The elite have narrowed in their vision of our country; and unable to have a nuanced appreciation of the complexities of our problems and the multi-sided analysis needed to understand them, have stayed at superficial levels of trite arguments for simplistic formulas like ‘sovereign national conference’ and ‘restructuring’ as answer to all problems.

Related is the way “the other” has become so dangerously demonised to levels where we constantly live each day endangered and in touching distance of genocidal killings, as witnessed in the ethno-religious killings of recent years.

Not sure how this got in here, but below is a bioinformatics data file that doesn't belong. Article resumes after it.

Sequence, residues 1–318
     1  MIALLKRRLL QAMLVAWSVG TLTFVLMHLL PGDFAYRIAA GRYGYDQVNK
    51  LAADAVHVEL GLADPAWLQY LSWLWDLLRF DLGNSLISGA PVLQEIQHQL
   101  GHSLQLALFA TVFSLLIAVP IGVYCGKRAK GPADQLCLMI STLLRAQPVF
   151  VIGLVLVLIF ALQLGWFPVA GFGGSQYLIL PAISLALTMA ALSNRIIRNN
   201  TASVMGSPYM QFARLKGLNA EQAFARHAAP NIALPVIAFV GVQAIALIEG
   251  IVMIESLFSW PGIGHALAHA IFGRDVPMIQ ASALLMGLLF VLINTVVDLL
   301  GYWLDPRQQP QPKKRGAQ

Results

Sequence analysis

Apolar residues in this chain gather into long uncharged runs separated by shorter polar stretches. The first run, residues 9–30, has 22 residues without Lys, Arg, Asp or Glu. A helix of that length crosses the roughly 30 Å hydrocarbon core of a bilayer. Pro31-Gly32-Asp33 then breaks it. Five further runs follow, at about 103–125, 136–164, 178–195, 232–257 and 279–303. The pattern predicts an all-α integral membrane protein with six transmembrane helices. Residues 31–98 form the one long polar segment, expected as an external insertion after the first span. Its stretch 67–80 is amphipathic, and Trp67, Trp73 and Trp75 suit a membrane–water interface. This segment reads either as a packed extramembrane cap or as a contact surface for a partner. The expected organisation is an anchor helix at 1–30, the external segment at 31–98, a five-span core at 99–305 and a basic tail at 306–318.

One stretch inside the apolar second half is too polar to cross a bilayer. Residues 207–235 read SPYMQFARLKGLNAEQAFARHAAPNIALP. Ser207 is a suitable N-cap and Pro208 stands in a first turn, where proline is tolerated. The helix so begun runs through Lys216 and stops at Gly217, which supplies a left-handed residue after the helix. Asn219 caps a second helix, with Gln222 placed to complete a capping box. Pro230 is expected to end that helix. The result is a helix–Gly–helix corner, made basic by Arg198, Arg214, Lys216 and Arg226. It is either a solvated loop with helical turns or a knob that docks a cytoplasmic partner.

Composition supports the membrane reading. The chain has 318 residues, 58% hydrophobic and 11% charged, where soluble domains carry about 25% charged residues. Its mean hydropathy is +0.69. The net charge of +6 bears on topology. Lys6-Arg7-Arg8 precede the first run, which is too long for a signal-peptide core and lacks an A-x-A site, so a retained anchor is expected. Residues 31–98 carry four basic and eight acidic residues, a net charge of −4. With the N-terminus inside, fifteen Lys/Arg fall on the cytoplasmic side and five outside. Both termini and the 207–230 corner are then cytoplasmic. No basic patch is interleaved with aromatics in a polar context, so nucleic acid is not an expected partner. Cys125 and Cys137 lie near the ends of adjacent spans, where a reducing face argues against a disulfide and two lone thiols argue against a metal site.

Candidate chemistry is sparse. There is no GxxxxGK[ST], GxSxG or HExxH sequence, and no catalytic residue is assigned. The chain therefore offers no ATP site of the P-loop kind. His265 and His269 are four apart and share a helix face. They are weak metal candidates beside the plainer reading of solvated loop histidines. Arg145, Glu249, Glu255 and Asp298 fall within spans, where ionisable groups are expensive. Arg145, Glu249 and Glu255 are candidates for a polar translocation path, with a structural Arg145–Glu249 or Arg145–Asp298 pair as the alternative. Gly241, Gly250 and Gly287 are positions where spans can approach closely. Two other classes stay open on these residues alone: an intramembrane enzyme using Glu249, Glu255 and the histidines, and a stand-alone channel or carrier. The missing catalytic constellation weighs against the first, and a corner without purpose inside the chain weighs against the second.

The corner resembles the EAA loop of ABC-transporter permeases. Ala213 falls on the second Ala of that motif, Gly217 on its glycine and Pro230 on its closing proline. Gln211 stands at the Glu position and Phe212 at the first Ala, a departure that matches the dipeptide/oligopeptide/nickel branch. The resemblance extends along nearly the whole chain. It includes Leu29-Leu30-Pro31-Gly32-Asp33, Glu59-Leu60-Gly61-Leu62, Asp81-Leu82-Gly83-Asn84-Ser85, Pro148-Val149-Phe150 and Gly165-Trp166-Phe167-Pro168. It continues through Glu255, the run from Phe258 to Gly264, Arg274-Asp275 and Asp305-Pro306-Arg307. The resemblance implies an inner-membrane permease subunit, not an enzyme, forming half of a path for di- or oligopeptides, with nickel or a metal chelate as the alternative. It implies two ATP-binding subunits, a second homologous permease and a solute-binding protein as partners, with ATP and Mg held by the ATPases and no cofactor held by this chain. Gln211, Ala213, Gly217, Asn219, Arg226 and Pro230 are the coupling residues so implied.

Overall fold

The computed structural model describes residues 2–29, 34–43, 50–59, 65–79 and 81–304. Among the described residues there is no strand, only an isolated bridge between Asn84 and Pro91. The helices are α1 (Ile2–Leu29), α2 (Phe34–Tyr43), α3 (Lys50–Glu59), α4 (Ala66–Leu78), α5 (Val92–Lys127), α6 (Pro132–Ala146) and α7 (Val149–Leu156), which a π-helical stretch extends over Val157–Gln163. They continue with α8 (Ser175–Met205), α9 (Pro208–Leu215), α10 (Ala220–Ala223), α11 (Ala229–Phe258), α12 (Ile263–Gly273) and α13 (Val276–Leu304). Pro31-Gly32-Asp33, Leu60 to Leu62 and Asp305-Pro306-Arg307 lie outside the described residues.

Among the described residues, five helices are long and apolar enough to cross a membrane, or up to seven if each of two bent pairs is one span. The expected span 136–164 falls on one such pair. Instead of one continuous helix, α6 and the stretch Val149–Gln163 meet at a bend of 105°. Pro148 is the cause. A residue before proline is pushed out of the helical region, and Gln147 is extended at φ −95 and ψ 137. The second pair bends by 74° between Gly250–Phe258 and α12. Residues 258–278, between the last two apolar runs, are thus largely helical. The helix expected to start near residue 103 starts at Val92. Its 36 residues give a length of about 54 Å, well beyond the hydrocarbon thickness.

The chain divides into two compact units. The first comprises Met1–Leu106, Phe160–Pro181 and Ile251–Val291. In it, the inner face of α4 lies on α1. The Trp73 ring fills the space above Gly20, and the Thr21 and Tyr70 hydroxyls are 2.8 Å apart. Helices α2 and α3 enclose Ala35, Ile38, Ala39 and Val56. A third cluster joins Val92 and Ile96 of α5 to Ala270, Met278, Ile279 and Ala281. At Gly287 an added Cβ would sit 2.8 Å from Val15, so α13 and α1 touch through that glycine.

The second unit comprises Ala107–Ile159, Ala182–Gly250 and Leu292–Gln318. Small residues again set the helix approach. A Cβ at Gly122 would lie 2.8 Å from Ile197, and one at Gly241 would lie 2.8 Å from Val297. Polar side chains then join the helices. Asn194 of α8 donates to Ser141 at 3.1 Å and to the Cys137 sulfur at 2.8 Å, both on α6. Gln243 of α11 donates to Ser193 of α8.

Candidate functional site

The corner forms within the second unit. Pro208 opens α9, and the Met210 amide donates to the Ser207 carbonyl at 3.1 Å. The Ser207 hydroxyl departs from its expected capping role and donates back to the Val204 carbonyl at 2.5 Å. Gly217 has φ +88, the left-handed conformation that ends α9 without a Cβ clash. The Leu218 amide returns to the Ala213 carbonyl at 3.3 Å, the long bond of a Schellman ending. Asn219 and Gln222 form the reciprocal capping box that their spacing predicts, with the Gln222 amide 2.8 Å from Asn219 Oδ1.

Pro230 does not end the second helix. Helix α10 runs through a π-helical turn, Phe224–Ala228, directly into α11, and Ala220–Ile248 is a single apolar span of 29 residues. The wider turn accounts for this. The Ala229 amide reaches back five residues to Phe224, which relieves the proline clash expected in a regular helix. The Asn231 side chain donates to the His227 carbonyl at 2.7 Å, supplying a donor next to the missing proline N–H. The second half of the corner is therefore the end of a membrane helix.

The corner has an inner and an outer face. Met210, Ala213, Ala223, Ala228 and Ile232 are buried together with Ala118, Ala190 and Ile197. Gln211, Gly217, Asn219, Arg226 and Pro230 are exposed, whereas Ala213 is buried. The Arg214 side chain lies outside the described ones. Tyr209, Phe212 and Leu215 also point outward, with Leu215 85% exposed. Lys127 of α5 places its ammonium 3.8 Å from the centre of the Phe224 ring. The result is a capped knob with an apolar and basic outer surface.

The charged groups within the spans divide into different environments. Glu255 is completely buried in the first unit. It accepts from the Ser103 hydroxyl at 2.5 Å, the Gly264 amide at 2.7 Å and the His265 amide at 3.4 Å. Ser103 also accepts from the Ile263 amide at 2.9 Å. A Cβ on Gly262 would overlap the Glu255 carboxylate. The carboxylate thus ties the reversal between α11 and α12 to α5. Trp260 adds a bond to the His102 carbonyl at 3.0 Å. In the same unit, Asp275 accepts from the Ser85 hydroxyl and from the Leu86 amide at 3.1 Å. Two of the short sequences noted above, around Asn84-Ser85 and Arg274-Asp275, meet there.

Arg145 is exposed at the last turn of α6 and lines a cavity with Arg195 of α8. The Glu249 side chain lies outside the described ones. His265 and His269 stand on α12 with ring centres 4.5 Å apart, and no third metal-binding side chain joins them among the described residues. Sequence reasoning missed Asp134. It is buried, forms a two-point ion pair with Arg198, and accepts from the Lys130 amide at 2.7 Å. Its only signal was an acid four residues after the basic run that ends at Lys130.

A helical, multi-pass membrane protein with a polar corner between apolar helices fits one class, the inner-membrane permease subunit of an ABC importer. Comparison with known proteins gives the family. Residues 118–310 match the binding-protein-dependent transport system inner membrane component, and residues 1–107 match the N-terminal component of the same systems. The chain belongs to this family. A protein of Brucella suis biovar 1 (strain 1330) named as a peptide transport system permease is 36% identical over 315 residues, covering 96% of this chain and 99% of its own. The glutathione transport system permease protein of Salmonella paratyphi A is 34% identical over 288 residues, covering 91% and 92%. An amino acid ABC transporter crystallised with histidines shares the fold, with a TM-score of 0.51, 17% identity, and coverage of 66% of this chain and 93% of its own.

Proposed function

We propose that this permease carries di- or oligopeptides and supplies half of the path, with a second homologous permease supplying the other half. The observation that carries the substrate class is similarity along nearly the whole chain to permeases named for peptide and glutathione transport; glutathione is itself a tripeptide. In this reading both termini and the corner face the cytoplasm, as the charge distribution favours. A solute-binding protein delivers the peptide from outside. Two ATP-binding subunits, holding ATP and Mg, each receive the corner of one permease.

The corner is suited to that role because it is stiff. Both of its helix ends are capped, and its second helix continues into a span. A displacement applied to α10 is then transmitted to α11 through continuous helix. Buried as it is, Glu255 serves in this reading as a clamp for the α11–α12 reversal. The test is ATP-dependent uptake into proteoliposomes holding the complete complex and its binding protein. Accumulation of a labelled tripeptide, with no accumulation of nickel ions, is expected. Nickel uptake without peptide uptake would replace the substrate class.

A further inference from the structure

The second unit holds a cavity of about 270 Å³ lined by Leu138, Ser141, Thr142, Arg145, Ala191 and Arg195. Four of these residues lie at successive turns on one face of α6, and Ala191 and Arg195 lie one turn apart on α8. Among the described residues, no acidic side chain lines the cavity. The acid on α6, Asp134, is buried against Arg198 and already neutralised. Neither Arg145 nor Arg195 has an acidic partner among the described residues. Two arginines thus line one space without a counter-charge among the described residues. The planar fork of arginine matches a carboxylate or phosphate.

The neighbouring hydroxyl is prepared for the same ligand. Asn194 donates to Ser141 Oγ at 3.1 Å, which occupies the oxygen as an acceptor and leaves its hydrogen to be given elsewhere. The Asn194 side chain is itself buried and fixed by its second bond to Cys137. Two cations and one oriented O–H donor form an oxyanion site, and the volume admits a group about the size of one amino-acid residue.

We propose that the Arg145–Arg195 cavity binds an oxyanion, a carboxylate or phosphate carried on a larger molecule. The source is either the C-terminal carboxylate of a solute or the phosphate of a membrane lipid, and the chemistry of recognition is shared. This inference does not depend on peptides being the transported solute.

I write these lines with a fair amount of trepidation, against the background of the pictures I recently saw, from the genocidal killings which took place in Zonkwa, Kaduna State, after the April election and the manner neighbours set upon people whom they have shared the space of citizenship with for years.

A more tragic illustration of this scenario also came from Southern Kaduna, where a young girl told the government investigation committee that her teacher personally killed her father, because he belonged to a different ethno-religious background. The same teacher then apologised to the girl!

That we have sunk to that level of hatred tells our contemporary story and how far apart our communities have been torn as a result of the collapse of the Nigerian ruling class project.


Vitriol attacks